Why trust is everything for brand content

Why trust is everything for brand content





Why trust is everything for brand content


Tony Hallett
Managing director

Tony set up Collective Content in 2011 so brands can more easily become publishers and tell stories. This built on 15 years in media, from reporter to publishing director at Silicon Media Group, CNET Networks and CBS Interactive.

This post was first published on 19 May 2015

This post draws on two separate but related conversations. Speaking on a panel a couple of weeks ago, one of the people who runs the Guardian Labs (who, I should add, is a former colleague and friend) talked about the ways his well-known publication labels advertiser involvement next to content items. A few weeks before that, I had a really interesting chat with someone at the National Union of Journalists (NUJ) about the sophistication of the average reader.

road signs
photo credit: Ksenia Kudelkina via Unsplash (licence)

How are the two related? You probably have a good idea. Our ability as publishers and brand content creators to be good at the former (the labelling) doesn’t always match up with our assumptions about audiences (the sophistication).

When we get that wrong, as professional content people, we lose trust. And trust is the bedrock of all serious content.

Graham Hayday from Guardian Labs talked about that newspaper whittling down ways to refer to an advertiser’s involvement – including ‘no involvement’ – from a total of eight labels to the current three. (These are ‘Sponsored by’, ‘Brought to you by’ and ‘Supported by’.)

This is an issue most of us will face in the era of brand content. Years ago, there was editorial copy, there was advertising creative/copy that sat next to it, and on occasion there were supplements or ‘advertising features’ that were clearly created by or for paying clients but weaved into or around the main product.

Today there are all manner of standalone commercial creations – brand publications, blogs, white papers, infographics, animations, videos and events (I’m not even going near social media for the moment) – and often these aren’t even the hardest to deal with. Something like the Amex OpenForum publication for small businesses, for instance, is clearly created by that charge card provider, and it wants you to know that.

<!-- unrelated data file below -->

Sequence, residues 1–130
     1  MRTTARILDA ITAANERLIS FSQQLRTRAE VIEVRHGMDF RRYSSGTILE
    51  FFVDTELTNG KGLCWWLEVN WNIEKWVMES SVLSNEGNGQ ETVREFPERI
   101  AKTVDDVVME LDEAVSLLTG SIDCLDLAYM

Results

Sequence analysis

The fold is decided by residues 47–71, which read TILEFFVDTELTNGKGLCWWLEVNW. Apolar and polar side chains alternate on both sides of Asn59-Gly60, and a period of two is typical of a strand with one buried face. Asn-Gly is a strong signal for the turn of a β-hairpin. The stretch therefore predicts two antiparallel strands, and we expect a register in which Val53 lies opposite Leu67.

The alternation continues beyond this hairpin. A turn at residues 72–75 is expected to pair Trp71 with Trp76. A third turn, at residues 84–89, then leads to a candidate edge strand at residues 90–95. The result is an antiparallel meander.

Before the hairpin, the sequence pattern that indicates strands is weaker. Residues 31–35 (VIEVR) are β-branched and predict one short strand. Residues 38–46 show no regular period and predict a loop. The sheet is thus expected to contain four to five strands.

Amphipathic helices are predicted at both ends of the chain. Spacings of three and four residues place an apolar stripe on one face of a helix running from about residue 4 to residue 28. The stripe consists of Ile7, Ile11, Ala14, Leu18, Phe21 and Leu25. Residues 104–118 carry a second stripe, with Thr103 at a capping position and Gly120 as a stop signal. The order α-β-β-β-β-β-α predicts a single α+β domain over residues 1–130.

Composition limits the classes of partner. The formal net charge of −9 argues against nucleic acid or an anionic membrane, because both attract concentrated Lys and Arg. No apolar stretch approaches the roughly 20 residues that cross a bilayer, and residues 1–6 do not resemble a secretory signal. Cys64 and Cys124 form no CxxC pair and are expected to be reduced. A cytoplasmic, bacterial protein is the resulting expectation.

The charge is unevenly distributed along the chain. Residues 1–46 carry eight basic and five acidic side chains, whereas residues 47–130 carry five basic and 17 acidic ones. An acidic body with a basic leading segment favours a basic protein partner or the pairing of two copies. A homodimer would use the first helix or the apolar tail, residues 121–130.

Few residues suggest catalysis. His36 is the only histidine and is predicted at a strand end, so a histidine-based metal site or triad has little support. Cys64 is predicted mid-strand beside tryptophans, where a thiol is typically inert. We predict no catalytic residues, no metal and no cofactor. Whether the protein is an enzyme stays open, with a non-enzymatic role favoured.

It’s harder when you look at media publications that are now dabbling in native advertising. There is no one-size-fits-all answer, because a traditional ad (advertisers usually don’t know which stories their creative will appear beside) might not need any labelling, whereas ad creative in a section developed especially for an advertiser (who still doesn’t get sign-off or any input) will. But that kind of ad creative won’t be the same as copy (the ‘native’ bit in native advertising) produced by a brand that will need a special marker, as it appears in the flow of editorial.

So we see ‘Sponsored by’ or ‘Brought to you by’ or ‘Advertising copy’ or ‘Paid post’ or ‘Partner content’ or any number of other phrases. No wonder a publication such as Digiday writes so often about labelling.

But do readers understand the differences? It’s not like these are standardised industry terms. Each publication uses its own judgment.
Phil Morcom, the head of the NUJ’s PR and Communications Industrial Council, addressed the subject of audience comprehension when we spoke a couple of months ago. He discussed the example of the UK, with its unique media landscape. The UK has one of the world’s most sophisticated media markets with high use of online media and multiple commercial players – arguably too many for such a population size – which means lots of innovation. There’s also the rather huge anomaly of the BBC, a public service broadcaster on a scale you just don’t find elsewhere.

Given such a media environment, Morcom asked, how can a reader know the difference between ‘Partner content’ as opposed to a ‘Sponsored post’? What about when an advertiser has supplied the whole package? How do they know when advertisers just want to appear next to a section of a publication, much as they have always done?

With so many ways to differentiate – or not differentiate – ad content from editorial, it will prove very easy for publications to lose reader trust. This is a challenge that will take years of education and openness with audiences, even audiences who are smart and sophisticated about how this all works.

Our advice is for labelling to be as plain and descriptive as possible – though sometimes those two things don’t go together. It’s also not just in a publication’s interest to say the involvement a brand has had. Brands will benefit from readers knowing they are responsible for great content, perhaps doubly so on pages where that great content also means one ‘Sponsored by’ reference rather than a dozen flashing types of display ad. Less really can mean more, for publishers, brands and readers.

Might this issue of trust and labelling be the biggest challenge the content industry faces?

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